Ah, yes, the “carrier-killer.” China is forever touting the array of guided missiles its weaponeers have devised to pummel U.S. Navy nuclear-powered aircraft carriers (CVNs). Most prominent among them are its DF-21D and DF-26 antiship ballistic missiles (ASBMs), which the People’s Liberation Army (PLA) has made a mainstay of China’s anti-access/area-denial (A2/AD) defenses.
Beijing has made believers of important audiences, including the scribes who toil away at the Pentagon producing estimates of Chinese martial might. Indeed, the most recent annual report on Chinese military power states matter-of-factly that the PLA can now use DF-21Ds to “attack ships, including aircraft carriers,” more than nine hundred statute miles from China’s shorelines.
Scary. But the U.S. Navy has carrier-killers of its own. Or, more accurately, it has shipkillers of its own: what can disable or sink a flattop can make short work of lesser warships. And antiship weaponry is multiplying in numbers, range, and lethality as the navy reawakens from its post-Cold War holiday from history. Whose carrier-killer trumps whose will hinge in large part on where a sea fight takes place.
That carrier-killer imagery resonates with Western audiences comes as little surprise. It implies that Chinese rocketeers can send the pride of the U.S. Navy to the bottom from a distance, and sink U.S. efforts to succor Asian allies in the process. Worse, it implies that PLA commanders could pull off such a world-historical feat without deigning to send ships to sea or warplanes into the central blue. Close the firing key on the ASBM launcher, and presto!, it happens.
Well, maybe. Why obsess over technical minutiae like firing range? For one thing, the nine-hundred-mile range cited for the DF-21D far exceeds the reach of carrier-based aircraft. A carrier task force, consequently, could take a heckuva beating just arriving on Asian battlegrounds. And the range mismatch could get worse. Unveiled at the PLA’s military parade through Beijing last fall, the DF-26 will reportedly sport a maximum firing range of 1,800-2,500 miles.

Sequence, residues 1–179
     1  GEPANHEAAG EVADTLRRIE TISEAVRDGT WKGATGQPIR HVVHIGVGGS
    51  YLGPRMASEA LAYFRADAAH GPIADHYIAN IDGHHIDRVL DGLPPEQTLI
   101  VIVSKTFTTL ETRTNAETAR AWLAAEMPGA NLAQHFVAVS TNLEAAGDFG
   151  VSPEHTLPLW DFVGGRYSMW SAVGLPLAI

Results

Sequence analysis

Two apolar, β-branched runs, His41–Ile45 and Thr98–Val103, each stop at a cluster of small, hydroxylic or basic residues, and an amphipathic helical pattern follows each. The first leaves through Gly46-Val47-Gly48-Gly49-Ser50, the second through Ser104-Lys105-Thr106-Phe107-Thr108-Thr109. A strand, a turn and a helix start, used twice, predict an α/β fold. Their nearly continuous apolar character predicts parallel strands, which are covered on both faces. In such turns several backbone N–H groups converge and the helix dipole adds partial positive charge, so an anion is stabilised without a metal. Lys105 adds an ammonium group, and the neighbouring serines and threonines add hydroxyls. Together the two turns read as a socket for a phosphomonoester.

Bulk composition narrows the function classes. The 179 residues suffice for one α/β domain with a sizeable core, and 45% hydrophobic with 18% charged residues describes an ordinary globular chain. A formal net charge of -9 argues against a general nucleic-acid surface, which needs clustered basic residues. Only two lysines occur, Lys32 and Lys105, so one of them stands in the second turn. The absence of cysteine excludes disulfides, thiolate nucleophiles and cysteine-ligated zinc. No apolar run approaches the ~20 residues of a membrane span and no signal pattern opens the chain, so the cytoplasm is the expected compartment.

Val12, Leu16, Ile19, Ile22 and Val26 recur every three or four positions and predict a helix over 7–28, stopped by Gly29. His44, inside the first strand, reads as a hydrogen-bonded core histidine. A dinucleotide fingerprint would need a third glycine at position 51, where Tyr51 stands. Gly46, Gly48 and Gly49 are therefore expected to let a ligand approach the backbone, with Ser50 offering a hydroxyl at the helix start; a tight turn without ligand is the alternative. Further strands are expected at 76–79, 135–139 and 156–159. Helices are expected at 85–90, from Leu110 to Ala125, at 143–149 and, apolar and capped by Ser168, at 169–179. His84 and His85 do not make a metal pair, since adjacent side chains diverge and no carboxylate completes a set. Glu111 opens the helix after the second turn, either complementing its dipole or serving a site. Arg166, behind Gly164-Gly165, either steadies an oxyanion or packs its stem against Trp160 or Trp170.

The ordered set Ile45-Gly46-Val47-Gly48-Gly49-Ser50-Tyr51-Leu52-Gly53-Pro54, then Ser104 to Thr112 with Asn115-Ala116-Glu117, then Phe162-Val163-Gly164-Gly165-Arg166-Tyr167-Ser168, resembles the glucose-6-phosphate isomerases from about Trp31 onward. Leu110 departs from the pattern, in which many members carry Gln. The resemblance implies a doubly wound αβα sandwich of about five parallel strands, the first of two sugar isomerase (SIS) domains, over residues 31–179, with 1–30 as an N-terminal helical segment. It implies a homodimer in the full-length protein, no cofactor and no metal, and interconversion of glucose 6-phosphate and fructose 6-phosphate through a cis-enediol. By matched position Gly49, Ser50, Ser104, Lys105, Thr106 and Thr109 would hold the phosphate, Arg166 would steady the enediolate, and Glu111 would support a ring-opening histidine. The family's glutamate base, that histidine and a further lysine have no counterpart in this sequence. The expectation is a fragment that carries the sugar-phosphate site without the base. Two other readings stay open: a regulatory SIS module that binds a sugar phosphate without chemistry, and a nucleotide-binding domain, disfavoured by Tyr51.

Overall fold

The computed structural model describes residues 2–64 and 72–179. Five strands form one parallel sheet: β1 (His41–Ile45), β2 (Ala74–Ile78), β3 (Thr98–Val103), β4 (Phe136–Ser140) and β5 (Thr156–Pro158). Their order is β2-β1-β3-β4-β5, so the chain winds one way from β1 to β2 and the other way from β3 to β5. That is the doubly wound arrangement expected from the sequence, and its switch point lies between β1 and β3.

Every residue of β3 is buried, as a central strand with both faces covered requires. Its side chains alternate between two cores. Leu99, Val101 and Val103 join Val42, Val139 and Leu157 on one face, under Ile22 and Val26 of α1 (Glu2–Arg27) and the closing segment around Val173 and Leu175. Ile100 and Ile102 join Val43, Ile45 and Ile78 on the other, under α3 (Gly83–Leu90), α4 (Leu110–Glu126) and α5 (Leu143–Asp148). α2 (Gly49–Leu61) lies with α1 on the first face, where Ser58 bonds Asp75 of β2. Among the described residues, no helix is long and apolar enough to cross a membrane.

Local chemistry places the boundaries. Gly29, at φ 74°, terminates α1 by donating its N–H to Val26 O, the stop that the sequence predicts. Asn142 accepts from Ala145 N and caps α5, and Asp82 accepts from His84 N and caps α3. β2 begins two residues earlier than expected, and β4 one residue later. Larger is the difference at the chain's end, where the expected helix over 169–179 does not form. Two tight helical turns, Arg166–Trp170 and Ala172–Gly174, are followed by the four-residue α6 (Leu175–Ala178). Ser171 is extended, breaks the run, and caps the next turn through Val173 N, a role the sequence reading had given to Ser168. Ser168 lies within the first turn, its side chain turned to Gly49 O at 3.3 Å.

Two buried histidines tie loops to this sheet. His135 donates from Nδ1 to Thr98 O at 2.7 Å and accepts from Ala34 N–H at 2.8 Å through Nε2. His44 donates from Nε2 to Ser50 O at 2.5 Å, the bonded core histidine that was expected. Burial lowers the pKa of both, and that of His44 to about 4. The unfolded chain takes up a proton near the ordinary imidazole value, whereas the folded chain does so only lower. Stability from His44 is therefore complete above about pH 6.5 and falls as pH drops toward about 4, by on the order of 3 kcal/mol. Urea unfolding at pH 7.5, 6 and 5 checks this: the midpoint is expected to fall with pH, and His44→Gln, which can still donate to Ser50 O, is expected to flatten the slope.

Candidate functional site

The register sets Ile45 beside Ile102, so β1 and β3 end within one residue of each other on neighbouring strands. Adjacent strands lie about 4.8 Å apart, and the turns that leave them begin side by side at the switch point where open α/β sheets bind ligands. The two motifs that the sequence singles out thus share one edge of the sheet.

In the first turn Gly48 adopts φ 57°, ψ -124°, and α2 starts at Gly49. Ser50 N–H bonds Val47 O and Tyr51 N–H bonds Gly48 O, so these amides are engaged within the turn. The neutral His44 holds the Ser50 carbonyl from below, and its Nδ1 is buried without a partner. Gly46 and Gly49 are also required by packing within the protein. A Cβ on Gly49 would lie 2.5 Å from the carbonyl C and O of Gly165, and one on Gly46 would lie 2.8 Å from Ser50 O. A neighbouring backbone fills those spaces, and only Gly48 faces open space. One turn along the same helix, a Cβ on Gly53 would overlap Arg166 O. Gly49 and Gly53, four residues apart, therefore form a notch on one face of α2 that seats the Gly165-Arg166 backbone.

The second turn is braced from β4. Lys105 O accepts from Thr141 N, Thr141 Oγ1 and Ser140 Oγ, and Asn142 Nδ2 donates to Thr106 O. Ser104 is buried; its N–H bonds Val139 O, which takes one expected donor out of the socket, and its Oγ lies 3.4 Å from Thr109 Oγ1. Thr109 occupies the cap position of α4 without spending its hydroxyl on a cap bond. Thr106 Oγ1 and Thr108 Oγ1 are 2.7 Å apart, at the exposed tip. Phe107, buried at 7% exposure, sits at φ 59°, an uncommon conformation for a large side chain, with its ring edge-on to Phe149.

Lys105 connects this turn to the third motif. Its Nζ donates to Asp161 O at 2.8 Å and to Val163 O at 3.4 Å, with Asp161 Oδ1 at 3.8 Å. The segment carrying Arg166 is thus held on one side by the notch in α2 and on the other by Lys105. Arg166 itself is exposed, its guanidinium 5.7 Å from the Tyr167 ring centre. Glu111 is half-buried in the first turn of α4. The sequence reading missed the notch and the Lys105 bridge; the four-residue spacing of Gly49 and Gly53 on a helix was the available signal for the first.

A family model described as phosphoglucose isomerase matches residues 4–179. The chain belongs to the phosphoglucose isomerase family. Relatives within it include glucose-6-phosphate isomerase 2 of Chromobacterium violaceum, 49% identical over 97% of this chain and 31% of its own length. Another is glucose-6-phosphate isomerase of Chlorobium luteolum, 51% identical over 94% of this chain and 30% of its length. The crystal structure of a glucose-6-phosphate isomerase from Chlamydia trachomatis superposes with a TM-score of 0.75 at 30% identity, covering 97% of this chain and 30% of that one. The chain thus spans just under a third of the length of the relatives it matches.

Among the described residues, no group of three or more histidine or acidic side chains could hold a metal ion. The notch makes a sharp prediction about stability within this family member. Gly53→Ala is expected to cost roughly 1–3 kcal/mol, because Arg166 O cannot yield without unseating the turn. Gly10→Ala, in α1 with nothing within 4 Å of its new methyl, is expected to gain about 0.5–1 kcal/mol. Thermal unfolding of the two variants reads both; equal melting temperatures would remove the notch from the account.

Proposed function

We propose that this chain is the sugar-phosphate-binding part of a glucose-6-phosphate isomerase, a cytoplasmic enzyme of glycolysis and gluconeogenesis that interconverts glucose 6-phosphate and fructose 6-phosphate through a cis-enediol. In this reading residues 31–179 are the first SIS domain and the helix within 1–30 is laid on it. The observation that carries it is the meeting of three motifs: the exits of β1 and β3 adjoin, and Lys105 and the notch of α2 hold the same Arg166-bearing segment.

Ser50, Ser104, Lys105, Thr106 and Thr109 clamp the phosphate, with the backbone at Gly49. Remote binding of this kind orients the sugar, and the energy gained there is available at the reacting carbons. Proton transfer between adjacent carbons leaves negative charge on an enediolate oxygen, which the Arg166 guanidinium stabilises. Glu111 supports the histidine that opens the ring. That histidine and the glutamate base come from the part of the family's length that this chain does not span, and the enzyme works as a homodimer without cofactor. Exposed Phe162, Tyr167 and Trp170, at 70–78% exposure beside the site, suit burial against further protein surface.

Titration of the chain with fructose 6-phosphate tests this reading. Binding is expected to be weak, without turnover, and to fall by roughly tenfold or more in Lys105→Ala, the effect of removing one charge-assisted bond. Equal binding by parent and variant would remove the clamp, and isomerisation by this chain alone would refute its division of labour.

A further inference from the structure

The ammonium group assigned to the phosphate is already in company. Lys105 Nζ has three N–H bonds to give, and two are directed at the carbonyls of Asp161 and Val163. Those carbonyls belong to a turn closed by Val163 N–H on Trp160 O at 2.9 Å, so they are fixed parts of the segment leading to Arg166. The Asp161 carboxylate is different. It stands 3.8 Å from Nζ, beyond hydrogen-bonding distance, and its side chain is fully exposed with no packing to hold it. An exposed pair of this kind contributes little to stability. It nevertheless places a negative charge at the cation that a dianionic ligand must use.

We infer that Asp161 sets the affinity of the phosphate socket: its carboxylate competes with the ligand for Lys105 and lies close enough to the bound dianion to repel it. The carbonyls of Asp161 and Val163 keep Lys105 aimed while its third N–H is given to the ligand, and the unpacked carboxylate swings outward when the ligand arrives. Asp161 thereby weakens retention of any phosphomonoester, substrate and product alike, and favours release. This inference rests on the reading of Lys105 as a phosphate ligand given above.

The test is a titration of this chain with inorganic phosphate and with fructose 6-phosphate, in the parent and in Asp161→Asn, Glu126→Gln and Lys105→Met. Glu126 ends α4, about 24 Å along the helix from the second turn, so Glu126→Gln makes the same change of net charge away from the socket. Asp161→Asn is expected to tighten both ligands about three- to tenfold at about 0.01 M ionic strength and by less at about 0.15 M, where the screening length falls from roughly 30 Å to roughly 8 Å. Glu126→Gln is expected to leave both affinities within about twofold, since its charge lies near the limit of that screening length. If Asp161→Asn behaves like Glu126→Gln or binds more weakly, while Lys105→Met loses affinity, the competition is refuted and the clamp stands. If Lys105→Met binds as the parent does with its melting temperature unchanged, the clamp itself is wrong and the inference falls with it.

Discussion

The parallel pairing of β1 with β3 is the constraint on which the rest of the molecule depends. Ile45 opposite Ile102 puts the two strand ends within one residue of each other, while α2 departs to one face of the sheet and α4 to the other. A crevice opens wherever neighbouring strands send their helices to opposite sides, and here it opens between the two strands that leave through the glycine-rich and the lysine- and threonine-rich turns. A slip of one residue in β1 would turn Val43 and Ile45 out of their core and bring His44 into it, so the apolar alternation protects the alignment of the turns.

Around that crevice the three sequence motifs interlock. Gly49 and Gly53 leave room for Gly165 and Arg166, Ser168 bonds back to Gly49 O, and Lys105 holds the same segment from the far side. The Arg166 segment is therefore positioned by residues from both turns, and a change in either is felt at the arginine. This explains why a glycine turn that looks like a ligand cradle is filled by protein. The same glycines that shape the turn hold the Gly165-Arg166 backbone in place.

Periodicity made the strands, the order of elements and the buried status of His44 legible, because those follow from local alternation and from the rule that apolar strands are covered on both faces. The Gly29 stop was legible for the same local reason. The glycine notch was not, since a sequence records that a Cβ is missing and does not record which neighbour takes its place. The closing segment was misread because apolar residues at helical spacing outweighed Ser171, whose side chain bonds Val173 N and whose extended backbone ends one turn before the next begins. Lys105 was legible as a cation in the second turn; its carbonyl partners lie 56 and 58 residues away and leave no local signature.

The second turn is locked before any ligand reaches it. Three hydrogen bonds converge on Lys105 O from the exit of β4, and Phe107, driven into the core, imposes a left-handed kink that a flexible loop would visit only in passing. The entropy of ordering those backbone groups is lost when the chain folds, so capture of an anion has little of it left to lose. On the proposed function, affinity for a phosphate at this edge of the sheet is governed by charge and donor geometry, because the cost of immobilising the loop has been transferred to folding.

If the technology pans out, PLA ballistic missiles could menace U.S. and allied warships plying the seas anywhere within Asia’s second island chain. The upper figure for DF-26 range, moreover, would extend ASBMs’ reach substantially beyond the island chain.
From an Atlantic perspective, striking a ship east of Guam from coastal China is like smiting a ship cruising east of Greenland from a missile battery in downtown Washington, DC. Reaching Guam would become a hazardous prospect for task forces steaming westward from Hawaii or the American west coast, while shipping based at Guam, Japan, or other Western Pacific outposts would live under the constant shadow of missile attack.
Now, it’s worth noting that the PLA has never tested the DF-21D over water, five-plus years after initially deploying it. Still less has the DF-26 undergone testing under battle conditions. That’s cause to pause and reflect. As the immortal Murphy might counsel, technology not perfected in peacetime tends to disappoint its user in wartime.
Still, an ASBM will be a useful piece of kit if Chinese engineers have made it work. The U.S. military boasts no counterpart to China’s family of ASBMs. Nor is it likely to. The United States is bound by treaty not to develop mid-range ballistic missiles comparable to the DF-21D or DF-26. Even if Washington canceled its treaty commitments today, it would take years if not decades for weapons engineers to design, test, and field a shipkilling ballistic missile from a cold start.
Still, the U.S. Navy isn’t without options in naval war. Far from it. How would American mariners would dispatch an enemy flattop in combat? The answer is the default answer we give in my department in Newport: it depends.
It would depend, that is, on where the encounter took place. A fleet duel involving carriers would take a far different trajectory on the open sea—remote from fire support from Fortress China, the PLA’s unsinkable aircraft carrier—than if it unfolded within range of ASBMs, cruise missiles, or aircraft emplaced along seacoasts or offshore islands.
The former would be a fleet-on-fleet affair: whatever firepower each force totes to the scene of action decides the outcome, seamanship, tactical acumen, and élan being equal. The latter would let PLA commanders hurl land-based weaponry into the fray. But at the same time, the U.S. Navy would probably fight alongside allied navies—from the likes of Japan, South Korea or Australia—in near-shore combat. And, like China, the allies could harness Asia’s congested offshore geography, using land-based armaments to augment their fleets’ innate combat punch.
In short, the two tactical arenas differ starkly from each other. The latter is messier and more prone to chance, uncertainty, and the fog of war—not to mention the derring-do of an enterprising foe.